Wylie gains many benefits as a volunteer composter, including a sense of community and the chance to give back. She is getting a first-hand education on organic gardening, composting and teaching others about the process.

By studying composting, the Karishes learned how to garden organically and earned composting certification hours. Composting is also a good way to learn about the benefits to eating healthier foods -- a skill people can use for the rest of their lives, John says.

The main duties of a volunteer composter include collecting grass clippings and leaves -- that's how Mary became known as the "grass lady."

"Some of the best conversations take place around compost turning, and some special friendships were created over compost turning," Mary says.

Although Mary loves connecting with people, she most enjoys the opportunity to help our environment. "The best part is that it teaches you to care," she says.

How to Get Involved

To learn about composting, the Karishes enrolled in a course provided by their city. Composting courses are offered through city governments, universities and other organizations.

John recommends that people take a composting class before volunteering. "It will allow you to provide more input to the process," he says.

"Our training program is geared for people of all ages or high school students volunteer on a drop-by basis on Friday afternoons," says Marika Smith. She is the volunteer and office manager at a composting center. Training at her center is offered three times a year. Volunteers have about 17 hours of classroom, practical and hands-on instruction. Following the training course, volunteers complete a 30-hour practicum involving the hands-on application of their newly acquired skills. An initial $100 deposit is required for the training, of which $85 is reimbursed after completing a 30-hour practicum.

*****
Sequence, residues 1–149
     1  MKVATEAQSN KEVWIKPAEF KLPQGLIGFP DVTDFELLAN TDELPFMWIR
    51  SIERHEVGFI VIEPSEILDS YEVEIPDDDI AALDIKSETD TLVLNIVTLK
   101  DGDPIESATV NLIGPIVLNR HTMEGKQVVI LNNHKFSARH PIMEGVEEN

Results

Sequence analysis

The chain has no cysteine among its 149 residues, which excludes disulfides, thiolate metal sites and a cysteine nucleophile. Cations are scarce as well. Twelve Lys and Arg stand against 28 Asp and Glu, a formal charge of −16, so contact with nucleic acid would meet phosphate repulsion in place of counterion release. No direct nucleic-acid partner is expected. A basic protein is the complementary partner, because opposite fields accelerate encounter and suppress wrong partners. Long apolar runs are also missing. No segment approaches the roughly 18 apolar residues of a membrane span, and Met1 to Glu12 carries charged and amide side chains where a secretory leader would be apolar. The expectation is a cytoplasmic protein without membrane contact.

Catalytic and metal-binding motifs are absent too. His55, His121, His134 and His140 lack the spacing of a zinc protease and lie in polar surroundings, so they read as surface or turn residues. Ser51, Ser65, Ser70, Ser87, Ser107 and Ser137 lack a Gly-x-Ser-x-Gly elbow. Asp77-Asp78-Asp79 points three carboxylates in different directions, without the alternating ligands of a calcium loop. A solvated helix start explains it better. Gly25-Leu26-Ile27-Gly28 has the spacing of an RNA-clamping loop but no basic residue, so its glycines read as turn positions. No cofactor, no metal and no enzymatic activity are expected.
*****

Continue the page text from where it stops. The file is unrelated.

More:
Volunteers at the center also receive a Master Composter certificate after the practicum. The diversity of skills and training acquired through volunteer composting looks great on a resume, Wylie says. In addition, volunteers almost always gain connections in the environmental community.

"Just get out there and compost," Wylie says. "It's awesome, and you'll learn so much."

Mary recommends contacting people involved in community gardens and finding out if the gardens do composting.

Volunteers do not need to have completed the Master Composter certification. "We have had people who were not associated with the community garden show up, and they just came to turn for exercise, to learn new things, and have a way to connect to other people," she says.

"Another fun idea is to hold compost turning parties in your neighborhood," she adds.

To earn a Master Composter certification, students complete 20 hours of volunteer work related to composting, Mary says. Organizing presentations about composting, educating others at city events on the fate of grass clippings and the status of landfills, and helping a neighbor build a compost pile are all examples of eligible volunteering.

The end results of the training are worth it, say those involved.

"Don't give up. One bag of grass clippings salvaged from the landfills may not look like much, but the thousand mile journey starts with the first step," Mary says. "Can you imagine the distance traveled of so many first steps?"


The Association of Compost Producers
Nonprofit association of public and private organizations dedicated to increasing composting in California.

Charity Guide: Compost to Reduce Landfills
Information on how to make a difference through composting (and other volunteer opportunities)

U.S. Environmental Protection Agency: Composting
Discusses what composting is, what compost can be used for and related topics